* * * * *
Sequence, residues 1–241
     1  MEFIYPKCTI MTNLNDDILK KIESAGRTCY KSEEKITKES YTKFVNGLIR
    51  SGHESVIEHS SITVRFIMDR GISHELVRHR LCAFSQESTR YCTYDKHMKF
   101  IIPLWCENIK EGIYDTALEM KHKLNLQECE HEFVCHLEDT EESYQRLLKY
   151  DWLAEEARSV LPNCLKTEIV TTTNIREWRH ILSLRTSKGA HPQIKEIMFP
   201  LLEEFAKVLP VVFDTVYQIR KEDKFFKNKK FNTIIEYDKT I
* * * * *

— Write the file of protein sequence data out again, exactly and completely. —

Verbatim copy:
Sequence, residues 1–241
     1  MEFIYPKCTI MTNLNDDILK KIESAGRTCY KSEEKITKES YTKFVNGLIR
    51  SGHESVIEHS SITVRFIMDR GISHELVRHR LCAFSQESTR YCTYDKHMKF
   101  IIPLWCENIK EGIYDTALEM KHKLNLQECE HEFVCHLEDT EESYQRLLKY
   151  DWLAEEARSV LPNCLKTEIV TTTNIREWRH ILSLRTSKGA HPQIKEIMFP
   201  LLEEFAKVLP VVFDTVYQIR KEDKFFKNKK FNTIIEYDKT I